People watch burning funeral pyres of their relatives who died of COVID-19 in a ground that has been converted into a crematorium in New Delhi, India, Thursday, May 6, 2021. Infections in India hit another grim daily record that day as demand for medical oxygen jumped seven-fold and the government denied reports that it was slow in distributing life-saving supplies from abroad. (AP Photo/Ishant Chauhan)
Liam’s Lowdown: Tell us more how COVID-19 is impacting B.C.

Compared to other provinces, B.C. releases less data on COVID-19 infections and vaccinations

A health-care worker prepares a dose of the Pfizer-BioNTech COVID-19 vaccine at a COVID-19 vaccine clinic in Toronto on Thursday, January 7, 2021. THE CANADIAN PRESS/Nathan Denette
65 new cases of COVID-19 in Interior Health

Overall, B.C. is seeing a decrease in COVID-19 cases

The five graduating members of the Vernon-based Thompson Okanagan Lakers U18AAA girls hockey team – Jessica Engelbrecht (from left), Makenna Howe, Cheree Peters, Jayden Perpelitz, and Alexis Bishop – have all committed to collegiate hockey programs in Canada and the U.S. (Photo submitted)
Vernon-based hockey squad sends 5 to college ranks

Thompson Okanagan U18AAA Lakers players heading to Canadian and U.S. programs

Richard Green writes poetry under the nom de plume Rick the Poet Warrior. Homeless, Green sometimes spends his summers in Revelstoke but winters in Victoria, travelling to Ontario to visit his sister whenever he can. (Jocelyn Doll - Revelstoke Review)
Revelstoke nomad pens poetry, offers insight into homelessness

Rick the Poet Warrior’s books can be found online as well as at the Revelstoke library

(Pixabay photo)
NHL bracket challenge supporting Indigenous awards at Okanagan College

One or more Indigenous students experiencing financial barriers will be able to receive an award

Sisters Audrey Cunningham and Donna Erdman, join the Vernon Kalamalka Chorus singing in their cars, tuned into the radio, under the direction of Debbie Parmenter. (Jennifer Smith - Morning Star)
VIDEO: Okanagan choir steers around COVID with ‘carbershop’ twist

Singers find a unique way to practice during pandemic restrictions

Keith MacIntyre - BC Libertarian
Penticton’s Keith MacIntyre new leader of the B.C. Libertarian Party

The Penticton businessman was voted in by members of the party on May 8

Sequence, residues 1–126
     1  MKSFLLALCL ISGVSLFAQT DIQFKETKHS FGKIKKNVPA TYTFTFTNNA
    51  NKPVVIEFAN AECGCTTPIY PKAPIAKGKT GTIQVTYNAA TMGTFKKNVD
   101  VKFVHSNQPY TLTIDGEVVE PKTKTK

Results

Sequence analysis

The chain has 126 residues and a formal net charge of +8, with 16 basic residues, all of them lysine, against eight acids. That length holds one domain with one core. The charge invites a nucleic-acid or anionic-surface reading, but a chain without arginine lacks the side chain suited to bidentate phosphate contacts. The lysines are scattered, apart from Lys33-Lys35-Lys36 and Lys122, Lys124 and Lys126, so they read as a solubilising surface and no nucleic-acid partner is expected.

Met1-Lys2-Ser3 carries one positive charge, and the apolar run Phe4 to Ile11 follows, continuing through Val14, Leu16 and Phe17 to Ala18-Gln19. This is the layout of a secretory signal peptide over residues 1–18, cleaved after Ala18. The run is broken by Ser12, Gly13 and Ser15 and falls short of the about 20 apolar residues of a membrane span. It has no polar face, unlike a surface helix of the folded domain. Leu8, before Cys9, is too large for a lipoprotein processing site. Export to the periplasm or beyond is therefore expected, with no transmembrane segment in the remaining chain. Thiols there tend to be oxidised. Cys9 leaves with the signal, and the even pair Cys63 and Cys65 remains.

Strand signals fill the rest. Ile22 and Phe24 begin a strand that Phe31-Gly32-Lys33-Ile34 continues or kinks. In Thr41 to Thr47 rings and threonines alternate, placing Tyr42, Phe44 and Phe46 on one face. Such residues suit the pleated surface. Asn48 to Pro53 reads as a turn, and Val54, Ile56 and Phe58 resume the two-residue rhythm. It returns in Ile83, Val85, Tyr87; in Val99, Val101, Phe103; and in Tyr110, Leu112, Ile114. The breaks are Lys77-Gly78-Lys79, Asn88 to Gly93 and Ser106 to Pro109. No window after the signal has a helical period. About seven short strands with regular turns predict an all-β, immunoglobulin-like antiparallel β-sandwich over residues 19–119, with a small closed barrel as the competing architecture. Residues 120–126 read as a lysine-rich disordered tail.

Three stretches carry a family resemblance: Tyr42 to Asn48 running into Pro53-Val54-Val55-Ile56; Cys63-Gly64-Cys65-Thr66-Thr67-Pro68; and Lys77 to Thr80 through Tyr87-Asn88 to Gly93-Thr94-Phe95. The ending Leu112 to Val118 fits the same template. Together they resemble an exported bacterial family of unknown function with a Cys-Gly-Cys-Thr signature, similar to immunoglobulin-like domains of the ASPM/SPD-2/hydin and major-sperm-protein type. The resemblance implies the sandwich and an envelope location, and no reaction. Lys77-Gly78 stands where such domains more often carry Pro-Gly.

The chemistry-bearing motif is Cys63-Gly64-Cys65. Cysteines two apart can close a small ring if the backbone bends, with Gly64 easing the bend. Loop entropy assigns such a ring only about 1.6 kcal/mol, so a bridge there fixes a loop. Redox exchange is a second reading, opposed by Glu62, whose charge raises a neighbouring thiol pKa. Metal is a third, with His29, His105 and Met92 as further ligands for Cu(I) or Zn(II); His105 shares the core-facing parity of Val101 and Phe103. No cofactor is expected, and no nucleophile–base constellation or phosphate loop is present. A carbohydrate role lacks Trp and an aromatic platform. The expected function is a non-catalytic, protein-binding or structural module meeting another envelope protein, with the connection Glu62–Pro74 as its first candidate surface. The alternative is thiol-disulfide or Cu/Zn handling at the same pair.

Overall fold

RCMP are searching for Philip Toner, who is a 'person of interest' in the investigation of a suspicious death in Kootenay National Park last week. Photo courtesy BC RCMP.
Man sought in suspicious Kootenay death found in Lake Country

Philip Toner is a person of interest in the death of Brenda Ware

Join Black Press Media and Do Some Good
Join Black Press Media and Do Some Good

Pay it Forward program supports local businesses in their community giving

A Falkland man will present a 600+ signature petition to the Columbia Shuswap Regional District board Thursday, May 20, opposing dog control in Electoral Area D, which includes Falkland, Silver Creek, Salmon Valley and Ranchero/Deep Creek. (File photo)
600-plus sign Falkland man’s petition against dog control

Similar bylaw rejected by 200 public hearing attendees when topic came up 9 years ago

Thompson Rivers University campus is in Kamloops, B.C. (KTW file photo)
Thompson Rivers the 1st B.C. university to supply free menstrual products

The university will offer the products this September

Fraser Health is using ‘targeted’ vaccination clinics in high-risk areas of the Lower Mainland. (Fraser Health photo)
B.C.’s COVID-19 decrease continues, 515 new cases Tuesday

426 seriously ill people in hospital, up from 415 Monday

Vernon North Okanagan RCMP reported to 287 mental health calls between Jan. 1, 2021, and May 1. (Black Press files)
‘It’s not the police’s responsibility to deal with mental health calls’: Vernon RCMP

RCMP remind public to take care of mental health and well-being, while better solutions are sought

Notes of hope, encouragement and camaraderie were left on the message board inside the kitchen of TacoTime. (Aaron Hemens/Capital News)
Adiós, Taco Tuesday: Kelowna residents flock to TacoTime on restaurant’s final day

‘We don’t need another Starbucks. We need tacos on Tuesday, with extra hot sauce’

Most Read